Should my organization mandate the use of Lastpass?

In general it is smart to install a password manager application. In today’s world every person has hundreds of usernames and passwords and without a password manager it is very likely that one will choose a weak password and use it over and over again.

One of the most celebrated password manager applications is Lastpass — a user friendly application that can be used across different devices. Lastpass can create upon demand strong passwords and launch sites using the stored login information. These features can not only eliminate the frustrating situations of forgetting a password but could also make sure that strong passwords are being used.

Given these characteristics it I not surprising that several organizations, among them the distinguished Harvard University, encouraged their members to use this application.

A few months ago I was tasked, as head of IT in my organization, to recommend the management team whether we should mandate our workers to use Lastpass. After Taking David Eaves course at HKS and after playing the game Werewolf I came to the conclusion that it would not be a wise shift for our organization. Based on my understanding, mandating our workers to use Lastpass will expose them and the organization to the following risks:

1. The more clients Lastpass have, the more credible organizations encourage or mandate their members to use Lastpass, the more it becomes a target for hackers. Indeed it is not surprising that at least one hacking incident happened in the past few years[1]. Lastpass is a target for several reasons: First and foremost Lastpass possess many millions of valid passwords all stored it one place. Second, hackers might assume that the password owners are relatively wealthy given that many of them are willing to pay for the service. Lastpass is an ideal target not only for professional hackers who want to nick money, but even to national intelligence organizations that possess sophisticated hacking technologies. It is possible that these organizations have enough resources to overcome Lastpass encryption as sophisticated as it might be. The Clinton E-mail Scandal can signal us the possible implications of a simple Gmail hack and the many interests different organizations have to obtain these passwords.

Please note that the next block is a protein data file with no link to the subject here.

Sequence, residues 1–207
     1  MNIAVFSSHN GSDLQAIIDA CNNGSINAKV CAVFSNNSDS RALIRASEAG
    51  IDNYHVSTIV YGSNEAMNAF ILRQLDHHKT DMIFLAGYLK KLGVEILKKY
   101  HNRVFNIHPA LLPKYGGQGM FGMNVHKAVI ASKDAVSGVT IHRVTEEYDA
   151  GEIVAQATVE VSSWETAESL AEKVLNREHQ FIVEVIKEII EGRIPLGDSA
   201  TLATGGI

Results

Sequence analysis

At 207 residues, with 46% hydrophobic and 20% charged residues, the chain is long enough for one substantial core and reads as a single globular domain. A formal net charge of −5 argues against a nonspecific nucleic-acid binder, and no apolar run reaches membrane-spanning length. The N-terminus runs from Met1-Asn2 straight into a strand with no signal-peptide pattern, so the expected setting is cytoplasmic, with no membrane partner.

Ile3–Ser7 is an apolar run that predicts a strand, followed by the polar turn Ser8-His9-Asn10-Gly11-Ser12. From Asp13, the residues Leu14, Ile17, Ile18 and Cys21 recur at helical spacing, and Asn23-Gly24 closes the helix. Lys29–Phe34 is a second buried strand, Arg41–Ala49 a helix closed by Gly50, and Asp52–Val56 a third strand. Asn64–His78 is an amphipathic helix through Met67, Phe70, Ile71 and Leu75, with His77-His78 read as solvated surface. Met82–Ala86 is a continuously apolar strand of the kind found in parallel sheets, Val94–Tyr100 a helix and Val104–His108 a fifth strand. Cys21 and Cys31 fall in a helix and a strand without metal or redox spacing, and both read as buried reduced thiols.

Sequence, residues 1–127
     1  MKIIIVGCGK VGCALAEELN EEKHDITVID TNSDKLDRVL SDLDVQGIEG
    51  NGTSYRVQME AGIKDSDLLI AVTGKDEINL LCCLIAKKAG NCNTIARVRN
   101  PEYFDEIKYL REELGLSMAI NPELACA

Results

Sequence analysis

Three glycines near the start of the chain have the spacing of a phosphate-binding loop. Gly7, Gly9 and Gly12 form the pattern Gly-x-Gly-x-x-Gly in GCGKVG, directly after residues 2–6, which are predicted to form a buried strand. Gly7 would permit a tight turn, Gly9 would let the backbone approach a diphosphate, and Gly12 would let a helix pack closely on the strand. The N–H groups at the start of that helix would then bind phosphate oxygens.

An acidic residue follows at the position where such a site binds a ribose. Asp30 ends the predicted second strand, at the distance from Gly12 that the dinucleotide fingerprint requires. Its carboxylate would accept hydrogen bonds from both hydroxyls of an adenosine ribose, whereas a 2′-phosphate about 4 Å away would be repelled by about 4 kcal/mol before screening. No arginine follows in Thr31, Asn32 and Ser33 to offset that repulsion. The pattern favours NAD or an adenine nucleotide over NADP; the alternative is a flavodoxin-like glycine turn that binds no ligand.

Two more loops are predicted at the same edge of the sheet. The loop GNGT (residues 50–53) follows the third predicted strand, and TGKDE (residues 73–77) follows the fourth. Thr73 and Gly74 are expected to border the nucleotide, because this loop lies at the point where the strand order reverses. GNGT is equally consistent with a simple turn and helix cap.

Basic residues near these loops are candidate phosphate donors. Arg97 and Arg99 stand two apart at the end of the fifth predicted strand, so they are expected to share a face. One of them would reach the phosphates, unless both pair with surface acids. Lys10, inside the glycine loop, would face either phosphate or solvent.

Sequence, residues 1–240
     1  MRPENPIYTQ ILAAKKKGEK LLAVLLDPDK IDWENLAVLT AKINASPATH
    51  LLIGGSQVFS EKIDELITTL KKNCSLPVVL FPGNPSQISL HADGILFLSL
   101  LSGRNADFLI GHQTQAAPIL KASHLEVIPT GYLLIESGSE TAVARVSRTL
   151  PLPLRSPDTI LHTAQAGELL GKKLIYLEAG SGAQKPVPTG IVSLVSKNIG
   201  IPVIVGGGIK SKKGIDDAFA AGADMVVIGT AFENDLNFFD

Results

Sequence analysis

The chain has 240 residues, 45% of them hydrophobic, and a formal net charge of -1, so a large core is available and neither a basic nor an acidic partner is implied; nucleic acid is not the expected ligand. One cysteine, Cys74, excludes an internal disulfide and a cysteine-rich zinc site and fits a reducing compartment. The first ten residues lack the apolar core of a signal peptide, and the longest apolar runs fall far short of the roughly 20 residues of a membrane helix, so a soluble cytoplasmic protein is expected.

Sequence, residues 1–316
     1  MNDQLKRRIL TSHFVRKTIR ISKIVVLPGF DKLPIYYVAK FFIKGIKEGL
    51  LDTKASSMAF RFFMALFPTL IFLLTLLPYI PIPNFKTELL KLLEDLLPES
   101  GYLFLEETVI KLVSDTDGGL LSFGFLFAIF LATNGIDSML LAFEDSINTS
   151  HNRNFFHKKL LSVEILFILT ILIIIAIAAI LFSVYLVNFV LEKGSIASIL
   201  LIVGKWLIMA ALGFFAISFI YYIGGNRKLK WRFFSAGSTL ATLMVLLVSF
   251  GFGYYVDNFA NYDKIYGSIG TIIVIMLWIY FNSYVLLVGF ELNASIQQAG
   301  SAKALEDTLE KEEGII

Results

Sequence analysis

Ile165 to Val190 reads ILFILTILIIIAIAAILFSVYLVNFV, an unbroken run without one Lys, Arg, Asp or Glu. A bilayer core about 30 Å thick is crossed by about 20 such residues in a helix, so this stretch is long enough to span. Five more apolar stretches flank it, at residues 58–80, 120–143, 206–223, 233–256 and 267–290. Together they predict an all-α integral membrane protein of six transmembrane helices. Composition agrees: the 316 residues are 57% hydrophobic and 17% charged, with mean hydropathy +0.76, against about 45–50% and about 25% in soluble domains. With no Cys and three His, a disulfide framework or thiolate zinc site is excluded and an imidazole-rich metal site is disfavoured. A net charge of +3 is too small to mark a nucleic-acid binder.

2. Here is a story that happened to me just a few weeks ago: I happened to lose my Ipad in a public facility. Because I used at that same day the Lastpass app it was opened on the device. I found out that I lost my Ipad only later that day and theoretically a person that would find my Ipad could have gained access to all of my login websites including banking apps. This can happen to anyone with little to do against it.

3. One of the great advantages of Lastpass is the fact that it can automatically generate and store strong passwords which is one of the main reasons to use Lastpass in the first place. The problem is that now you created a dependency. It is more than likely that this dependency will have an increasing cost the more passwords are installed and the longer you are using this app. This dependency is something Lastpass is not only aware of but actually strive to create and at some point it is very likely that Lastpass will take advantage of.

4. If you are launching sites from the app you are exposing yourself to another risk — Lastpass is now monitoring your preferences and can sell this information to commercial bodies. Like we learned in class, if you are getting a service for free or for a very low cost it is more likely that you are the product.

5. The last issue I want to point out is the fact that in order to log-in to Lastpass you need to create a password. This password once hacked can give a person the access to hundreds of passwords already conveniently categorizes. If a person chooses a weak password to log-in to Lastpass which is very likely to happen, than not only we did not solve the problem we had but rather we created a bigger problem because now cracking one password is enough to get a hold of all of your passwords. As Bruce Schneier, an independent security expert, mentioned in an Economist article on the issue “today’s password crackers can test tens — even hundreds — of millions of passwords per second.” In short, the vast majority of passwords used in the real world can be guessed in minutes.”[2]

For all of the reasons above, it is my recommendation to our organization to mandate our workers to choose themselves strong passwords and store them in safe places and not to mandate them to use Lastpass.



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